"The program helped me to draw on a deeper understanding of how the world operates and how states interact with each other,” she said.
Magtymova has served in the Maldives, North Korea, Laos, post-earthquake Nepal, and Yemen. In her current assignment in Syria, she oversees 120 staff and 50 contractors in the field, as well as a budget that is close to $100 million.
Years of political division and war have devastated Syrian society, she said. COVID-19 vaccines received so far through the global COVAX partnership are enough for only 0.5% of the population, making it nearly impossible not only for regular citizens but even for high-risk groups to gain access. To tackle this problem, Magtymova is putting all of her skills into practice to ensure that more vaccines are secured.
“We do not give up. We hope that as more vaccines get produced and become available, there are greater chances to secure the next batches of vaccines for Syria and other countries to stop the pandemic,” she said. “Nobody is safe until everybody is safe.”
A Security Policymaker
Long before she became the director for policy planning in the office of the NATO secretary-general, Benedetta Berti left her hometown of Bologna, Italy, at the age of 16 to move to the small town of Danvers in Southern Illinois as an exchange student. It was the first time that she ventured out on her own without the support of her immediate family.
“That experience triggered my interest in the world around me," she said.
By 2002, while a full-time undergraduate student in Middle Eastern Studies at the University of Bologna, Berti was living and working in Mexico. She would travel to Bologna for one month each year to take her exams, then return to her job as a human rights advocate in Chiapas, the southernmost state in Mexico, where the militant Zapatista movement has been in conflict with the government since 1994.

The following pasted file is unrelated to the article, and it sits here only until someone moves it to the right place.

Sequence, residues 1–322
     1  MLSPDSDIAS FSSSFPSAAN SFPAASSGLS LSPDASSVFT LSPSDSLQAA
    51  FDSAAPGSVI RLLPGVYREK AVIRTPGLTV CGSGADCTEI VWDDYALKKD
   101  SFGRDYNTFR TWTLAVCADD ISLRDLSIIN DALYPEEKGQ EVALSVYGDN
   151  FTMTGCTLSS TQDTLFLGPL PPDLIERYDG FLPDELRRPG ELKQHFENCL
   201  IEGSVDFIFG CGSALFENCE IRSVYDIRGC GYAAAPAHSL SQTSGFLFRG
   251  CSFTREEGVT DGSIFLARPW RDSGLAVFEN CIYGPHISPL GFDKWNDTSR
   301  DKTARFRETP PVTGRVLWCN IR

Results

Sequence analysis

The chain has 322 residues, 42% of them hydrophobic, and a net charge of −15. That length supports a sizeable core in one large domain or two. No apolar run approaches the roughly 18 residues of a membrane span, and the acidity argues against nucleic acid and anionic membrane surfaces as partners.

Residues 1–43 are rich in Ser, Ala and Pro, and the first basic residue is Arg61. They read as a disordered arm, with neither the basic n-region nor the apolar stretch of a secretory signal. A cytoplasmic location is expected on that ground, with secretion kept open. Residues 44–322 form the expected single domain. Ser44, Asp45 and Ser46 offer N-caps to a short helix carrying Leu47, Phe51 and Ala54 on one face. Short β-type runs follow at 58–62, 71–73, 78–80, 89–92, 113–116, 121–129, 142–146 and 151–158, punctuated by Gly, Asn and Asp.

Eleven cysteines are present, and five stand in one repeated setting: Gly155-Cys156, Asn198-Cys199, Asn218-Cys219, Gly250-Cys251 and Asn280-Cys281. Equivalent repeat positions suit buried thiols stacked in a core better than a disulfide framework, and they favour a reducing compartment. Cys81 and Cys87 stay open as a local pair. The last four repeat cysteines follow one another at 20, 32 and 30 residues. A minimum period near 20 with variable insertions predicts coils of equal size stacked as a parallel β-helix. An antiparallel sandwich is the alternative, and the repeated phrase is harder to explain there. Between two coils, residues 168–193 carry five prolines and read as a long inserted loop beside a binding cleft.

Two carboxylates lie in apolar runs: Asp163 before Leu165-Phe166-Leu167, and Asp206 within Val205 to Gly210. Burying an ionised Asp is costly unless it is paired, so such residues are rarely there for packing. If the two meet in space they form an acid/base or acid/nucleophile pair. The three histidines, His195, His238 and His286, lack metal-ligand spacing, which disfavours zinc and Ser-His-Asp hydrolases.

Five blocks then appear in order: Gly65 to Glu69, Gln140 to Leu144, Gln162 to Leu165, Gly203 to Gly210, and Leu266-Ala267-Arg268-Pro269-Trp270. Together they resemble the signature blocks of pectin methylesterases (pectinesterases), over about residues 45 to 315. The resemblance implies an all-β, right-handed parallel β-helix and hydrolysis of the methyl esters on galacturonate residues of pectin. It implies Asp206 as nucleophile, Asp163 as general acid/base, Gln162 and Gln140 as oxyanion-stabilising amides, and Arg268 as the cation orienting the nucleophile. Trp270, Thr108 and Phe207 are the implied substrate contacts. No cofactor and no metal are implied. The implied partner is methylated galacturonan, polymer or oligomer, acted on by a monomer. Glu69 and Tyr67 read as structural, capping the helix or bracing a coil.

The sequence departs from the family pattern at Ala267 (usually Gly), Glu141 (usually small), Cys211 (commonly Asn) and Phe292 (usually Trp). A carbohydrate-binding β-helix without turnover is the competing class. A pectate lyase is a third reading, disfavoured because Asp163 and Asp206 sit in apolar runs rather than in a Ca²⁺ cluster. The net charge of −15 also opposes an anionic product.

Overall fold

Berti’s budding love for adventure and travel—and the questions raised by her experience in Chiapas—led her to Tufts. The contrast between the remote, poverty-stricken region where she had been working for three years and the relative luxury at Fletcher was overwhelming when she arrived in the summer of 2005, she said.
Yet, inspired by her time in Mexico, she studied how internal conflict affects civilian populations, earning both a master’s degree and a doctorate at Fletcher. After graduating, she went on to become a senior fellow at the Foreign Policy Research Institute and a visiting professor at the College of Europe.
Berti continues to study the impact of conflict on civilians and is an expert in the role of armed groups, especially in the Middle East. A foreign policy and security researcher and analyst, she has written four books.
She applies her insights at NATO, where she plays a key role in shaping strategy and policies on topics including climate change, emerging technologies, and the future of the alliance.
The work, with security at its center, is inspired by her experience years ago in Mexico. “Seeing first-hand the impact of violence on the Indigenous civilian population in Chiapas made me become interested in better understanding conflict dynamics, with the hope of playing a small role in mitigating the impact of violence on the civilian population,” she said. “That same interest continues to shape my career.”